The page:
‘Apes’ in the future: ‘Kingdom of the Planet of the Apes’ works thanks to a decent story, great special effects

On the negative side, Kingdom of the Planet of the Apes has the dubious distinction of being the weakest of the four newer Apes movies that began with James Franco and Rise of the Planet of the Apes back in 2011.

On the plus side, it’s still pretty good.

Centuries after the death of Caesar, the ape who started the revolution, apes are hanging around, gathering eagle eggs and disparaging the existence of the occasional stinky human with whom they come in contact. This film essentially starts where the original 1968 Planet of the Apes started, with humans running around in herds—mostly unable to speak—and apes hunting them. There are no astronauts this time, though.

The main ape of the story, Noa (Owen Teague), encounters a human in the wild named Mae (Freya Allan). Noe doesn’t like Mae—but eventually discovers she can speak. Ape and human learn to get along as they go up against a kingdom led by a mean ape who wants to keep the humans down and raise up the apes.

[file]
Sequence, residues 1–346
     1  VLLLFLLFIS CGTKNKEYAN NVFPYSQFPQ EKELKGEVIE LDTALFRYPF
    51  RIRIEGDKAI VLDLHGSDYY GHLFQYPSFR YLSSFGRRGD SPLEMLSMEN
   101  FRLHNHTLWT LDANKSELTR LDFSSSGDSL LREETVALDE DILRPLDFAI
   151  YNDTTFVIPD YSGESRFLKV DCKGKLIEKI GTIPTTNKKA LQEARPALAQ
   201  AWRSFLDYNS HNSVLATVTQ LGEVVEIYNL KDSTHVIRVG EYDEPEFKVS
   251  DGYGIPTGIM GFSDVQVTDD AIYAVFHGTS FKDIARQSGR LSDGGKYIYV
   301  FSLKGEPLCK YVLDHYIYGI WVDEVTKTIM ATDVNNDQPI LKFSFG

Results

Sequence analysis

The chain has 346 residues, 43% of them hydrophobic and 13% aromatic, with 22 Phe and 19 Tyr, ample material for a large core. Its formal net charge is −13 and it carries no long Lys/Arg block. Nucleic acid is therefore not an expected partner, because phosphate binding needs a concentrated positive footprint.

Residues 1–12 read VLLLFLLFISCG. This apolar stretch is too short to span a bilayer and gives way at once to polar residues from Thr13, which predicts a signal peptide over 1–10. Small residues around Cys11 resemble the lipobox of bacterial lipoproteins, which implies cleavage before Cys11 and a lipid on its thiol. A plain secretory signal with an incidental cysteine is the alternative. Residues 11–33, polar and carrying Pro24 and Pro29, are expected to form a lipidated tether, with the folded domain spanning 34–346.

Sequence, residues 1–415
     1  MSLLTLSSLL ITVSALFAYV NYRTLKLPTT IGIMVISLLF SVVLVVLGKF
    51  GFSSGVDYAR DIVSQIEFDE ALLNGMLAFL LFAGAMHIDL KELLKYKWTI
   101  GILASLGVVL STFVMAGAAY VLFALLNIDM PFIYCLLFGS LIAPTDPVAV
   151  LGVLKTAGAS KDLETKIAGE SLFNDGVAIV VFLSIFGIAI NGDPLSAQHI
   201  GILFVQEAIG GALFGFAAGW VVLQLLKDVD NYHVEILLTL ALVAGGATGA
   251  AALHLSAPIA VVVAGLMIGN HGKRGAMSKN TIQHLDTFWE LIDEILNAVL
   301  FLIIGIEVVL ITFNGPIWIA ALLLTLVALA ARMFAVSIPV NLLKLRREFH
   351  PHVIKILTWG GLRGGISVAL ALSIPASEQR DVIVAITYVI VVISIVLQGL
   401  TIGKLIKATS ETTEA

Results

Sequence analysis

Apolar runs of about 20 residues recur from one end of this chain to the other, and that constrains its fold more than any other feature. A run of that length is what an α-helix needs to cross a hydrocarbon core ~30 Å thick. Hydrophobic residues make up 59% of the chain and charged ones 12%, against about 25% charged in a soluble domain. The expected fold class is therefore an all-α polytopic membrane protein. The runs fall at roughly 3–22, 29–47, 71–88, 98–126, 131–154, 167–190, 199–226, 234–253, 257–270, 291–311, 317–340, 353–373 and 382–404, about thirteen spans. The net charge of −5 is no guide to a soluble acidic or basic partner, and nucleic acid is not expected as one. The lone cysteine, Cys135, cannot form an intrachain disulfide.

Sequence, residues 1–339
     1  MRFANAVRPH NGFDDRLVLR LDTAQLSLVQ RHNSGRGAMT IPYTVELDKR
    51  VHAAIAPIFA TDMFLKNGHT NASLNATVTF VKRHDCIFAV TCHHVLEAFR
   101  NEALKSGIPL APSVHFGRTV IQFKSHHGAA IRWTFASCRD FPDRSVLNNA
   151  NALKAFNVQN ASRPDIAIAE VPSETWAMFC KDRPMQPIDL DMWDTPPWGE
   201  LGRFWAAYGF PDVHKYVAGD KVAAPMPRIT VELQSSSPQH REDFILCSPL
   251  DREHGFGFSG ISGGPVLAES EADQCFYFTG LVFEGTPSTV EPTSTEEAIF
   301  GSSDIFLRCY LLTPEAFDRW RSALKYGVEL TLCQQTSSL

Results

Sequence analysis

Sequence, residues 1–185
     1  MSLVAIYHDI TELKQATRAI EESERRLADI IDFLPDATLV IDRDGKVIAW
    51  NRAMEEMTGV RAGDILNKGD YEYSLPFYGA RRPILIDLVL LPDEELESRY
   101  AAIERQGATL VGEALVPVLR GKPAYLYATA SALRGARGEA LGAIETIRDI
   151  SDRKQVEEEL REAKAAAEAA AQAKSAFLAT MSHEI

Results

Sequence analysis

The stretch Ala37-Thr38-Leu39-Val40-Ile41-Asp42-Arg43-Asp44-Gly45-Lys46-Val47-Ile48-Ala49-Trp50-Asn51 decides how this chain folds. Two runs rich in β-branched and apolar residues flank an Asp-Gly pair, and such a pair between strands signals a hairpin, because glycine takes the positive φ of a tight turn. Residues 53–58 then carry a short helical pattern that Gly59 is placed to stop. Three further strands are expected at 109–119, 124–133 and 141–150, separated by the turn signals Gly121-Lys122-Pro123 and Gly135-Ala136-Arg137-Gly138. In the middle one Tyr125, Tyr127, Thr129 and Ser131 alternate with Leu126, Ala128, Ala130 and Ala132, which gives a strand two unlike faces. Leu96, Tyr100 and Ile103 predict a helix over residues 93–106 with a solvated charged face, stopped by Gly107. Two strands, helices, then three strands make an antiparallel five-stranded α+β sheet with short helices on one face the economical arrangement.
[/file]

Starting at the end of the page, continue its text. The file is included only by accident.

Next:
It’s all fairly predictable and a little routine, but the film wins with some excellent special effects and convincing ape creations. While the story never truly engulfed me, it didn’t bore me. Director Wes Ball, who made some Maze Runner movies, put together a film that feels more like a transition type of movie than an eventful one.

William H. Macy is perhaps the most notable human-playing member of the cast; he makes a decent mark as a human who can also speak and is just fine with the state of things.

I’m sure there will be more of these, and, who knows, maybe the next one will feature a couple of astronauts touching down on planet Earth and getting the biggest fucking surprise of their lives. It would be a very cool route to a Planet of the Apes remake for sure.

Kingdom of the Planet of the Apes is playing at theaters across the valley.

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